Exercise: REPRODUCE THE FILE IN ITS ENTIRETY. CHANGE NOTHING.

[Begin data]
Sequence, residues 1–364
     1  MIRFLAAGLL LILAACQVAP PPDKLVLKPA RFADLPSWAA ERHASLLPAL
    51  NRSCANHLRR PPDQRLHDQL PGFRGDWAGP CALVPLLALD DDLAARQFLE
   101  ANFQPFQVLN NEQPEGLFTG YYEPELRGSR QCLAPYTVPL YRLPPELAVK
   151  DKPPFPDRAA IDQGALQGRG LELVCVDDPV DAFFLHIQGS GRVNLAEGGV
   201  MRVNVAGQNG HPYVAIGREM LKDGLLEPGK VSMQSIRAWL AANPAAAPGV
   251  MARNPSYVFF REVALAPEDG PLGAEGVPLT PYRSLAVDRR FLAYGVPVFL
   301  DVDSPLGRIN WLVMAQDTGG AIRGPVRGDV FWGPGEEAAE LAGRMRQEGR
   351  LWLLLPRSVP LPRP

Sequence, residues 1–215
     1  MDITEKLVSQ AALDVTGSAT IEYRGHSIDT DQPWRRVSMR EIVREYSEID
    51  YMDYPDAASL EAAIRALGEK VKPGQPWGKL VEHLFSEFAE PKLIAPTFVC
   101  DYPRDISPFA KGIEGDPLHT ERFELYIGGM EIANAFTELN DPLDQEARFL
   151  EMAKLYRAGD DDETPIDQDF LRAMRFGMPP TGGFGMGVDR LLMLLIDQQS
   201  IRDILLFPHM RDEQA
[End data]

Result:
Sequence, residues 1–364
     1  MIRFLAAGLL LILAACQVAP PPDKLVLKPA RFADLPSWAA ERHASLLPAL
    51  NRSCANHLRR PPDQRLHDQL PGFRGDWAGP CALVPLLALD DDLAARQFLE
   101  ANFQPFQVLN NEQPEGLFTG YYEPELRGSR QCLAPYTVPL YRLPPELAVK
   151  DKPPFPDRAA IDQGALQGRG LELVCVDDPV DAFFLHIQGS GRVNLAEGGV
   201  MRVNVAGQNG HPYVAIGREM LKDGLLEPGK VSMQSIRAWL AANPAAAPGV
   251  MARNPSYVFF REVALAPEDG PLGAEGVPLT PYRSLAVDRR FLAYGVPVFL
   301  DVDSPLGRIN WLVMAQDTGG AIRGPVRGDV FWGPGEEAAE LAGRMRQEGR
   351  LWLLLPRSVP LPRP

Sequence, residues 1–215
     1  MDITEKLVSQ AALDVTGSAT IEYRGHSIDT DQPWRRVSMR EIVREYSEID
    51  YMDYPDAASL EAAIRALGEK VKPGQPWGKL VEHLFSEFAE PKLIAPTFVC
   101  DYPRDISPFA KGIEGDPLHT ERFELYIGGM EIANAFTELN DPLDQEARFL
   151  EMAKLYRAGD DDETPIDQDF LRAMRFGMPP TGGFGMGVDR LLMLLIDQQS
   201  IRDILLFPHM RDEQA